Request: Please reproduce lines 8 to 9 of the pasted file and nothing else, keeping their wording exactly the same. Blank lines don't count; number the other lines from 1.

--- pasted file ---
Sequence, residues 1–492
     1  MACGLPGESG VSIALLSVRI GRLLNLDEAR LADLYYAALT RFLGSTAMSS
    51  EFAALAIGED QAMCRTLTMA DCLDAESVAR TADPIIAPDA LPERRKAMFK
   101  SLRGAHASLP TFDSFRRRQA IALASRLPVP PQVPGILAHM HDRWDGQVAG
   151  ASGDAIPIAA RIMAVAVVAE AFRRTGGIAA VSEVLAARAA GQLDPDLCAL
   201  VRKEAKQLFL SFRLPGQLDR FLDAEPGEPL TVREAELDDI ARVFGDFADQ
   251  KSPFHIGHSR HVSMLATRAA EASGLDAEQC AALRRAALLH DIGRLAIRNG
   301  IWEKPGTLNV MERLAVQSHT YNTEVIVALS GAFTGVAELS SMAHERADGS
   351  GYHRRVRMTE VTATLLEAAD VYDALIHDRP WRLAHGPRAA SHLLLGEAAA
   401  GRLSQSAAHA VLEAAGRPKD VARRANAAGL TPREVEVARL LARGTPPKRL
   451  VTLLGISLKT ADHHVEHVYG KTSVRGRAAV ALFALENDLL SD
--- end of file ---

   301  IWEKPGTLNV MERLAVQSHT YNTEVIVALS GAFTGVAELS SMAHERADGS
   351  GYHRRVRMTE VTATLLEAAD VYDALIHDRP WRLAHGPRAA SHLLLGEAAA